Annual surveys conducted amongst young people in the UK found that regular smoking is at a record low in its most recent figures.
12 000 secondary pupils from 177 schools around England are surveyed are on a regular basis.
Although the latest survey found a similar percentage (19%) of 11-15 year-olds saying that they have tried cigarettes, a massive decline from nearly 49% in 1996. Only 3% polled this time around said that they were regular smokers. This is a decline from 2014’s figures.
Half of those who cited having tried cigarettes said it didn’t go any further whereas the other half was split pretty evenly between regular, occasional and previous smokers.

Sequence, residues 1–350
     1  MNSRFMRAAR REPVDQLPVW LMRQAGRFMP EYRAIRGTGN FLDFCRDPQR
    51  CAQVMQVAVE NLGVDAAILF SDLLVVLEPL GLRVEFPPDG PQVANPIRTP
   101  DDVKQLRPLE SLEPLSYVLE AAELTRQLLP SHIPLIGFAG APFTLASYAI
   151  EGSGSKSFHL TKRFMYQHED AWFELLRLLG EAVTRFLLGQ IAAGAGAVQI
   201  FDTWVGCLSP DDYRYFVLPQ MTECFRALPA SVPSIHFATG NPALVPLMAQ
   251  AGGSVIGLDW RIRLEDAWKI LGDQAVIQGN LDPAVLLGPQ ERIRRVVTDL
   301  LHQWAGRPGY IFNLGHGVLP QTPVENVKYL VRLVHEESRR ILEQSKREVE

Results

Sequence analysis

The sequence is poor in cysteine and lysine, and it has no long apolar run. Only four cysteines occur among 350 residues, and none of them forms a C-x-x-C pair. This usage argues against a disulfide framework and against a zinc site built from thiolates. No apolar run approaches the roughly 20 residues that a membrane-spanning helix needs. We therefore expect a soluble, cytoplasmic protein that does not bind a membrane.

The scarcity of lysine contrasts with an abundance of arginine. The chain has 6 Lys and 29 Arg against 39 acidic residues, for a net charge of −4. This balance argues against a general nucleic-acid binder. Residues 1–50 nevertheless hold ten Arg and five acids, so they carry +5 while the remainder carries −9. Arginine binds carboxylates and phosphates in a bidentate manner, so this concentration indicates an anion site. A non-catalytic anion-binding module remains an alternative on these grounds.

The decline can most likely be attributed to a mix of elements ranging from an increase in tobacco taxes, the change in legal age to buy cigarettes from 16 to 18, a ban on smoking in public places and mandatory health warnings on cigarette packets. Figures also see levels of current and regular usage of e-cigarettes on the increase from 22% to 25% since 2014.
Cancer Research UK is delighted to see that less teens are developing the harmful habit, but feels like efforts to deter smoking in young people should continue. The foundation’s goal is to have a smoke-free generation in the not too distant future.
Even though some have expressed concern over the possibility that e-cigarettes will lead to teens taking up smoking, research have shown that this is not the case.
You can read the full report here.